A Waste of Time

Driving my middle daughter home from high school today, she happened to mention the state tests that she—and all her classmates—are required to take. They are called the STAR tests, and they take a total of 12 hours spread over three days. They have been mandated by our benevolent—and incompetent—rulers in Washington DC and Sacramento. The purpose of these tests is to determine how well the teachers are doing in instructing the children. These tests are required a set points in grade school, middle school, and high school. The politicians who instigated these tests, the news media, and the critics of public education all wave these tests about in the air as proof that the schools are bad, that the teachers are bad, and that what we desperately need are more tests and more accountability, and firing a bunch of teachers.

Both my daughter and I are very puzzled by these tests. As is my wife, a third grade public school teacher who every year has to give these tests and is made to feel bad if the students don’t show improvement from the previous year’s crop of test takers.

What’s our puzzle over these tests?

Very simple: the tests do not affect the students taking them in any way whatsoever—and the students know that. They are not graded, they receive no rewards or punishments, not benefit or loss for what their scores might be on these tests. It doesn’t affect whether they graduate, the colleges don’t ask about the scores, and neither do any employers. The tests are utterly without consequence for the ones who are taking the tests. ALL the tests are for the students is 12 hours of doing the thing that they dislike just about the most of anything they are ever forced to do.

Guess what? Many students, particularly at the middle school and high school level, just mark their tests (which are all multiple choice, true false sorts of things) randomly. The tests don’t affect them, and so they treat them as the waste of their time that they are.

So my puzzlement with these tests mandated by the wise bureaucrats and politicians in Sacramento and Washington DC is simple: what exactly do they realistically expect to learn from these tests? That children, like adults, don’t much care to dig holes and then fill them up again? That doing something pointless is…pointless? That they are testing nothing and all and cannot possibly learn anything at all meaningful from these tests?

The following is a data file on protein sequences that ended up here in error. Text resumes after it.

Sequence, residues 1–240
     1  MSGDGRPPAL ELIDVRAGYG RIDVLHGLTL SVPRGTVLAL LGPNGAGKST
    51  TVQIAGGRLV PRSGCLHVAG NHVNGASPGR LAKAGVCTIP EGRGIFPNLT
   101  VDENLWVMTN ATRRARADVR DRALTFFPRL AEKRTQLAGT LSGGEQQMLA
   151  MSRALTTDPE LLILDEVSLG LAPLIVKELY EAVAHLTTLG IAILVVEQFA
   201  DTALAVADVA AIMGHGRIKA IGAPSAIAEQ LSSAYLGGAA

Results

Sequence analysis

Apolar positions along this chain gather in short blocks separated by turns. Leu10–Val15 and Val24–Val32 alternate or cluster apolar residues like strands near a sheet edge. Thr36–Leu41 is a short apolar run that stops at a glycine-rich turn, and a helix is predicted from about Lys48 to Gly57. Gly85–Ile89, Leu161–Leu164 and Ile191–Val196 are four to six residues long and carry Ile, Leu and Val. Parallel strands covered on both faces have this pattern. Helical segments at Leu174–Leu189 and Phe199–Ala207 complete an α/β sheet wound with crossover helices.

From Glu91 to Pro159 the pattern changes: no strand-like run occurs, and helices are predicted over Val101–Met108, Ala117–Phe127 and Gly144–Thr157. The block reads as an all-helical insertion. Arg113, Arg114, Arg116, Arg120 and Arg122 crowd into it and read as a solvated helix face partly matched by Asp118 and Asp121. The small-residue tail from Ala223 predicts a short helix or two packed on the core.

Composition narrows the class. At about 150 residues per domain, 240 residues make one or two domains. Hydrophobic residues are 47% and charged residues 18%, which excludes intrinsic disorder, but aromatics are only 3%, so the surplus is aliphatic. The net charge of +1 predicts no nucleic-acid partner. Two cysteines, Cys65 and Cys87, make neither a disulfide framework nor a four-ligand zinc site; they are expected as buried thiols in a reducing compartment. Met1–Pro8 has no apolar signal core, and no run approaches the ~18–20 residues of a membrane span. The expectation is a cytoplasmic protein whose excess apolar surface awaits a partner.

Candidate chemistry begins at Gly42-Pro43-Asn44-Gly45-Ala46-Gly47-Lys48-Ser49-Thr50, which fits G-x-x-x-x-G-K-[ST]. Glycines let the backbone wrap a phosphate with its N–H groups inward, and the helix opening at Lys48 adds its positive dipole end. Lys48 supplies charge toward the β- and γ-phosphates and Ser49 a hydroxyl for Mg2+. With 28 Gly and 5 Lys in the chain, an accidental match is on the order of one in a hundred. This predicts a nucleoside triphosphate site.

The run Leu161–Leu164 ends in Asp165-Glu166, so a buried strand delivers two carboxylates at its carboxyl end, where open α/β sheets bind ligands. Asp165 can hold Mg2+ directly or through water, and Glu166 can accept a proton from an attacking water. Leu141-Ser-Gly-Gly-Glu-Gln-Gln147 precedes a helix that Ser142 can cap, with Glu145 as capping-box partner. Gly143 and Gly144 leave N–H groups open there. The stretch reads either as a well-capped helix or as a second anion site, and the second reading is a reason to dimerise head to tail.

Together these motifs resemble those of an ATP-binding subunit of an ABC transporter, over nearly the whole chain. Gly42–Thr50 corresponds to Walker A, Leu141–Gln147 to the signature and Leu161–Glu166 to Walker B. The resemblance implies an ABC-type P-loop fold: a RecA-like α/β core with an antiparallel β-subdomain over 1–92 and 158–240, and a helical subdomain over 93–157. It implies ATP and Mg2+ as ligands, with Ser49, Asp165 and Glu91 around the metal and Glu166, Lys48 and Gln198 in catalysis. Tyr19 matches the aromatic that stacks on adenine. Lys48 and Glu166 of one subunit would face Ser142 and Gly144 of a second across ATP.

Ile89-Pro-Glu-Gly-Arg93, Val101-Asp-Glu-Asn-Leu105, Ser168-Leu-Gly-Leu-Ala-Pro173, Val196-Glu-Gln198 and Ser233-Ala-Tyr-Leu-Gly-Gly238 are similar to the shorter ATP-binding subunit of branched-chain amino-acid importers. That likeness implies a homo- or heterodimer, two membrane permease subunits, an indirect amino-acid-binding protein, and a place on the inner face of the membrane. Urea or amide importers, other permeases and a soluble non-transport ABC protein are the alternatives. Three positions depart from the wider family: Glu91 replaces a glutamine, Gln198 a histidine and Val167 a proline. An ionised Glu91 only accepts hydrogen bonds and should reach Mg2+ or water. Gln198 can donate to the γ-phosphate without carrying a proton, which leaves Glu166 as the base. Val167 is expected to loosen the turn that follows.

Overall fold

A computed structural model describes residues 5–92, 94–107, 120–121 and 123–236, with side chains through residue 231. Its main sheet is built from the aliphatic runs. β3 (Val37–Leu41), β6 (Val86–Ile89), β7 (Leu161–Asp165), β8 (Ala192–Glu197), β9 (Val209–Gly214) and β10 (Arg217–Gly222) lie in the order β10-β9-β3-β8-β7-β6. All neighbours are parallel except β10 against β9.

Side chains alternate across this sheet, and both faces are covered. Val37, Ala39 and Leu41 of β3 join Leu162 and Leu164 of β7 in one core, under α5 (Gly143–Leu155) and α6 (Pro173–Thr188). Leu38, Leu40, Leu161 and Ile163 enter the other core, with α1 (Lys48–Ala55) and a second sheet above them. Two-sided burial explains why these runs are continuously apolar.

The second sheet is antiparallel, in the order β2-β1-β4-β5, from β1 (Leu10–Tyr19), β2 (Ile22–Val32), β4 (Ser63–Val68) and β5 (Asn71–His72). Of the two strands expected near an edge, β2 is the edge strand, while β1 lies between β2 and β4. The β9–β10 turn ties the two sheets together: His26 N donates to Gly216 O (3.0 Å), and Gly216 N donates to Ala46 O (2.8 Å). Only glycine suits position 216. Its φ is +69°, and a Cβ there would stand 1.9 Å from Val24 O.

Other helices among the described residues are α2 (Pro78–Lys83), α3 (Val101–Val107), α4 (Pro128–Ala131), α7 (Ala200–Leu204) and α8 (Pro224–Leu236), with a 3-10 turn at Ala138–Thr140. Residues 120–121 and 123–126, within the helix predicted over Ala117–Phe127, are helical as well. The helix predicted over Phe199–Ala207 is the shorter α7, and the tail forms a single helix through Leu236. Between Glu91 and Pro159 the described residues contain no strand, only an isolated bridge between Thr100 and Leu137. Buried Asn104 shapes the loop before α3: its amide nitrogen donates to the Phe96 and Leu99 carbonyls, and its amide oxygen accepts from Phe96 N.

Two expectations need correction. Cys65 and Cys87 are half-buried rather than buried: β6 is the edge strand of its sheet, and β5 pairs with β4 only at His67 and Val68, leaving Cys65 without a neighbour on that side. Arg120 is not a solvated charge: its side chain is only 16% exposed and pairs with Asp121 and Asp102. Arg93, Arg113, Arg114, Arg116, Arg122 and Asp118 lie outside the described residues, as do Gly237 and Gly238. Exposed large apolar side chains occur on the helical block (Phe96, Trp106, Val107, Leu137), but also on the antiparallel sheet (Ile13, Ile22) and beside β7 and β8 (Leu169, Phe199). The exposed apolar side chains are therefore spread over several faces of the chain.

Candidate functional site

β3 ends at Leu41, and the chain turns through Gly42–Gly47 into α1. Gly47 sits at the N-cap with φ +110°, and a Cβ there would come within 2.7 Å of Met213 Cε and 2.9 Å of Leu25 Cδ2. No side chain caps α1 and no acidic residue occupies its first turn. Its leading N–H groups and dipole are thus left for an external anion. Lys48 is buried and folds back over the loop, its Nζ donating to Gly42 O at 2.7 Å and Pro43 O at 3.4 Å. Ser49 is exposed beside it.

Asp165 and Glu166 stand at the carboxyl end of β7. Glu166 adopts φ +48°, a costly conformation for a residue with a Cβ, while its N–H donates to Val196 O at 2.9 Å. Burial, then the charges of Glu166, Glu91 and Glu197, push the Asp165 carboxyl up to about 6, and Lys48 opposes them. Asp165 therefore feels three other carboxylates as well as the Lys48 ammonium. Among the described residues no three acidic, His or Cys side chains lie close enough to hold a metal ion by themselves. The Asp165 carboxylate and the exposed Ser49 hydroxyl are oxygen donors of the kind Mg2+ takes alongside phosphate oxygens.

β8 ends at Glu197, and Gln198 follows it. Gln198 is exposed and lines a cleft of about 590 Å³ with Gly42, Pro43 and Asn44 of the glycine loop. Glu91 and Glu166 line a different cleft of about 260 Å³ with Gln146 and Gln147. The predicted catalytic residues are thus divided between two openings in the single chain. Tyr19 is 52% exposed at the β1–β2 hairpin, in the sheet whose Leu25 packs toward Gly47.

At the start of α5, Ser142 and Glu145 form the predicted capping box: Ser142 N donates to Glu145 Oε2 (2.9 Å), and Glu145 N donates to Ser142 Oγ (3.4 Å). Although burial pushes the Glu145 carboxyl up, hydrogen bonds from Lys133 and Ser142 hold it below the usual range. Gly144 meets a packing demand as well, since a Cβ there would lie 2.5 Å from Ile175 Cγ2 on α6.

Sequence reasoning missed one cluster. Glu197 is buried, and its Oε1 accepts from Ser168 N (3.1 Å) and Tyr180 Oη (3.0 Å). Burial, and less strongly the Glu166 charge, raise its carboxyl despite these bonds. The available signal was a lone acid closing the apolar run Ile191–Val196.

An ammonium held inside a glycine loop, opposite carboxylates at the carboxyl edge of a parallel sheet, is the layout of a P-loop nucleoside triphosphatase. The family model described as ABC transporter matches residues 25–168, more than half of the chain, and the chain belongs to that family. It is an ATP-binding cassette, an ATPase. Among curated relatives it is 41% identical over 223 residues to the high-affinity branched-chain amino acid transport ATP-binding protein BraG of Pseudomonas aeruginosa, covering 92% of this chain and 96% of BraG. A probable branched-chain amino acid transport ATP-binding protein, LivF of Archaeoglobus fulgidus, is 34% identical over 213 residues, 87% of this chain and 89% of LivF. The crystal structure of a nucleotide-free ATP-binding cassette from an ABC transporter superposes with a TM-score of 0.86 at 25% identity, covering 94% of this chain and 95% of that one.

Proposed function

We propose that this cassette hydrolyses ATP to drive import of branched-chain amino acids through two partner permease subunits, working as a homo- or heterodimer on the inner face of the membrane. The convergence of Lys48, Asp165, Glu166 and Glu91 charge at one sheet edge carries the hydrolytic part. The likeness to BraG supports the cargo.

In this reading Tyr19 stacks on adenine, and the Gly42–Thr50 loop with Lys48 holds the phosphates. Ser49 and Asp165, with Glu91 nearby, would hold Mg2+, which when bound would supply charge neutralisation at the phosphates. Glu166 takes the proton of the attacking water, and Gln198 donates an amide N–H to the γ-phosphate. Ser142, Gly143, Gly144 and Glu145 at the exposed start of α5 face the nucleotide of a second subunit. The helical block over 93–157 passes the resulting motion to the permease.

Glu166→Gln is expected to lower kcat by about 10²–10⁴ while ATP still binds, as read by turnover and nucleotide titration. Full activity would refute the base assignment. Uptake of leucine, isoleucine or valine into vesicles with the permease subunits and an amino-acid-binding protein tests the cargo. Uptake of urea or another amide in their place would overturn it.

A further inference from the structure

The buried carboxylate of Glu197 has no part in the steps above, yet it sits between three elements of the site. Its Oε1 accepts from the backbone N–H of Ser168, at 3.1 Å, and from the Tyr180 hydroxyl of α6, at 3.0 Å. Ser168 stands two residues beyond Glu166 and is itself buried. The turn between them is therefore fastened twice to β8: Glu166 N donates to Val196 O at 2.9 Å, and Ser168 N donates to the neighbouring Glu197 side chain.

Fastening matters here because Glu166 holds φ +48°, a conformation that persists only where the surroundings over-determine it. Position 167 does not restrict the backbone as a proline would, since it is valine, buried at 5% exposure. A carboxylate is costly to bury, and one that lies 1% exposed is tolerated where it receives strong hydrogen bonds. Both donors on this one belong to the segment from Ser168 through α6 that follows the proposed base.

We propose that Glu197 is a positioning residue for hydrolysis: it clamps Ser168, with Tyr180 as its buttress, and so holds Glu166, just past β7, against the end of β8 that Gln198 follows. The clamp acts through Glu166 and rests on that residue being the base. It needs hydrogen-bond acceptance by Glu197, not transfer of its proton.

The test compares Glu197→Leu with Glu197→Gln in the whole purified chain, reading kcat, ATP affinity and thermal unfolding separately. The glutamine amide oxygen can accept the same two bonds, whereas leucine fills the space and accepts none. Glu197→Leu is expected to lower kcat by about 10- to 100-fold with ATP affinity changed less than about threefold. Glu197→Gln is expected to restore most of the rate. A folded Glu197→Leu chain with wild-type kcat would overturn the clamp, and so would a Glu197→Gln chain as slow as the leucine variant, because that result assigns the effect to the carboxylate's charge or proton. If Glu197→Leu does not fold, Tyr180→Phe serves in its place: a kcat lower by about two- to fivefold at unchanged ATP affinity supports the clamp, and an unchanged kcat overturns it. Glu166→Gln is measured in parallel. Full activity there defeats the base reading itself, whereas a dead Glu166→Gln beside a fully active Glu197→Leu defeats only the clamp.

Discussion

The tests are simply good politics for the politicians, to make them look like they care about education and are doing something. They have good intentions, after all. The fact that they are utterly useless seems to matter not at all to either them, the critics of public education, or the news critters and pundits. No one seems to notice that the emperor has no clothes.

If you want to really know how well the children are learning in school, guess what? Every so often the teachers give out these things called grade cards, which present the average of the grades earned over the course of weeks and months on assignments, quizzes and tests that actually matter and affect the children. These grade cards are what the colleges pay attention to. It is these grade cards that are of interest to employers. And, surprise, surprise, it is the grade cards that the children are concerned with—assuming that they have been taught to care by parents that care.

The only people for whom the grade cards don’t seem to matter are our feckless politicians and bureaucrats—and the journalists and pundits that are supposedly knowledgeable and caring. They think the meaningless tests are somehow meaningful. Perhaps they remind them of themselves.

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About R.P. Nettelhorst

I'm married with three daughters. I live in southern California and I'm a deacon at Quartz Hill Community Church. I spent a couple of summers while I was in college working on a kibbutz in Israel. In 2004, I was a volunteer with the Ansari X-Prize at the winning launches of SpaceShipOne. Member of Society of Biblical Literature, American Academy of Religion, and The Authors Guild
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